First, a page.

Lloyds Banking Group is reducing the amount of compensation it pays to claimants mis-sold payment protection policies through a legal loophole called alternative redress. The saving for Lloyds using this method is estimated at £60m. Lloyds have set aside a further £1.8 billion to use in compensations claims for mis-selling payment protection insurance. This additional fund will bring the total bill for Lloyds PPI claims to £9.8 billion. Despite this significantly increase in the Lloyds' PPI bill it is expected to return a £6.2 billion profit this year. The total PPI bill for all banks is said to be in the region of £20 billion according to the Financial Conduct Authority.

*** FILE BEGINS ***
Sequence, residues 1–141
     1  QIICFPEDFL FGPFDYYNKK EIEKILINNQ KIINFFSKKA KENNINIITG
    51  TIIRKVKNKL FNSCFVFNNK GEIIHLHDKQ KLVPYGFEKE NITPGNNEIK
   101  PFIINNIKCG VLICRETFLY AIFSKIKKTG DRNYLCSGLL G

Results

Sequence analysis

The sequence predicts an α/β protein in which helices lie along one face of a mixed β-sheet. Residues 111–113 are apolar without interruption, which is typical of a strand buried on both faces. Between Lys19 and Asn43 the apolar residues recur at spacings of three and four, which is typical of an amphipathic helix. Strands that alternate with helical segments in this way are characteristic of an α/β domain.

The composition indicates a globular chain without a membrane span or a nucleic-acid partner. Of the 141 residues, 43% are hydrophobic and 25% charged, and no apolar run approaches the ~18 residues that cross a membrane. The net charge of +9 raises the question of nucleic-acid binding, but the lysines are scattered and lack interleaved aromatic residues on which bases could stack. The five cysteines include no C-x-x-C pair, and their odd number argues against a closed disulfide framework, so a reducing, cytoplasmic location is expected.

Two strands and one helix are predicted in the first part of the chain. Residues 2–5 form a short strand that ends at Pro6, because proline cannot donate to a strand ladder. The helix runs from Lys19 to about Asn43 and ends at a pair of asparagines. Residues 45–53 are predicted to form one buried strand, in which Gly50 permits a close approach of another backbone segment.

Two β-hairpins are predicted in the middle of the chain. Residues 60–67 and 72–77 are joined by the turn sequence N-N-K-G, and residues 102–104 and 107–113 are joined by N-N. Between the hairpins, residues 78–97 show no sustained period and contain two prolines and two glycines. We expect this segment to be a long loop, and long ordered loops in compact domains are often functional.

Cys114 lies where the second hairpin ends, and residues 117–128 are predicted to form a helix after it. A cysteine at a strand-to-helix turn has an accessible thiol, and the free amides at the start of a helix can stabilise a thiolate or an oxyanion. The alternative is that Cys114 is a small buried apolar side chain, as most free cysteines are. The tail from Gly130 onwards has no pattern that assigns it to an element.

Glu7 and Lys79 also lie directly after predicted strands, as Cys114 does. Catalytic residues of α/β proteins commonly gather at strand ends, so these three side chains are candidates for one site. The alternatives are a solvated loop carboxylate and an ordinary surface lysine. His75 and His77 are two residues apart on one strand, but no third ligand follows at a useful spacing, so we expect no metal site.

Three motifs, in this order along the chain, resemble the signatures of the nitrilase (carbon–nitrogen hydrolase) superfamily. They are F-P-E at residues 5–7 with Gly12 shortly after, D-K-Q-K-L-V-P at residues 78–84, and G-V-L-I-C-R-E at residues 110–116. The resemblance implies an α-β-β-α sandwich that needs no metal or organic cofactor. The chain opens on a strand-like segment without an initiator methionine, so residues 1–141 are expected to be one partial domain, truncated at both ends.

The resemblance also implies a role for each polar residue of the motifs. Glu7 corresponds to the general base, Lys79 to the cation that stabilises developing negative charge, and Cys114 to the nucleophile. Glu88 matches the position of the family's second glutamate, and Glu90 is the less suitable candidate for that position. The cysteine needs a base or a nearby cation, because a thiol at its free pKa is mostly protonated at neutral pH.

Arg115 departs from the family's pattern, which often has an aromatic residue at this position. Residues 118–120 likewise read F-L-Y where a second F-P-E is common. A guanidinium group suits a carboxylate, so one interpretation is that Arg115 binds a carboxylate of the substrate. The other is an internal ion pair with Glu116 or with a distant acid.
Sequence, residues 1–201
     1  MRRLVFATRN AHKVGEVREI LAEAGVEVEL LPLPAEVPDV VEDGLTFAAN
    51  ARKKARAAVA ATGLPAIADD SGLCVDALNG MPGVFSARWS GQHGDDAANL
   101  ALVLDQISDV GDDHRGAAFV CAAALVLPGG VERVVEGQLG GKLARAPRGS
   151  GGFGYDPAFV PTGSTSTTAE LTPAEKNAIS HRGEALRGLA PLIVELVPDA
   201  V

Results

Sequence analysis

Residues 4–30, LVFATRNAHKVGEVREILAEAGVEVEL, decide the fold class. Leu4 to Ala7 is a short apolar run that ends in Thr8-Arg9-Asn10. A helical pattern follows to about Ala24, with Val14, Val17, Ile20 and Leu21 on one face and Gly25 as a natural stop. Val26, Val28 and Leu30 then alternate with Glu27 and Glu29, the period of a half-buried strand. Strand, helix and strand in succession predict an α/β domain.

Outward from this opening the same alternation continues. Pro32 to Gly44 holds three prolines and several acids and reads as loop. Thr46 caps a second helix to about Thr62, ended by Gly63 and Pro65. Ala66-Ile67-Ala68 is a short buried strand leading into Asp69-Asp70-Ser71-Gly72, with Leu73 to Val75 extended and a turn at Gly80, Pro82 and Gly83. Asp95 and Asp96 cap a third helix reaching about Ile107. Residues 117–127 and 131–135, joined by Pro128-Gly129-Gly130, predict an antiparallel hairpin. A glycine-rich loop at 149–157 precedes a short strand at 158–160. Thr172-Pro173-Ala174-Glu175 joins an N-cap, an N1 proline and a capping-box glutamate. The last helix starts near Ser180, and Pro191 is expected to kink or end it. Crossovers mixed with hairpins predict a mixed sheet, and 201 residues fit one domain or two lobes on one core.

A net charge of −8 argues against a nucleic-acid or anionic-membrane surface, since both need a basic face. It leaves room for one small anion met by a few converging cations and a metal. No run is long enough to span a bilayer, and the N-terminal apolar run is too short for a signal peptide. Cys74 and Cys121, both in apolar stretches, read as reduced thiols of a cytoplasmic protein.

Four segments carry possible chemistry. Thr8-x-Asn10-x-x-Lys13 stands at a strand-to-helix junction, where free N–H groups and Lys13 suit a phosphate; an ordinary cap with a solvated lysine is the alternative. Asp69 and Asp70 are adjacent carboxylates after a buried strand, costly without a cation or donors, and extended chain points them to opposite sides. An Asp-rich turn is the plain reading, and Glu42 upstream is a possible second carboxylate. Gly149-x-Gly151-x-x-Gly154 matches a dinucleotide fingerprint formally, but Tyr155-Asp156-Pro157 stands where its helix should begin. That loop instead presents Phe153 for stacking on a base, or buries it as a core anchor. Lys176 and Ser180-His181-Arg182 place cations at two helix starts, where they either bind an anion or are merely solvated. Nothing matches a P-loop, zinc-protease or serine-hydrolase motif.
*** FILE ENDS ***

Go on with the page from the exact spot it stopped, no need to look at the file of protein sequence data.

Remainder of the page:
Alternative Redress assumes that customers who were mis-sold a PPI product would have bought a cheaper regular PPI product instead. The Financial Conduct Authority states that alternative redress may be applied in specific circumstances as long as the customer is put into a position they would have been in had the they bought a regular policy. Veronica Rayner a Halifax Bank customer who obtained two loans was offered £2,300.00 in compensation however after investigation the bank was told to pay a further £1,200.00 in compensation. Lloyds have stated that 11% of its offers made in the 4th quarter of 2013 had alternative redress applied. Since less than 10% of claims are reffered to the ombudsman the large majority of alternative redress reductions are likely to go uncontested.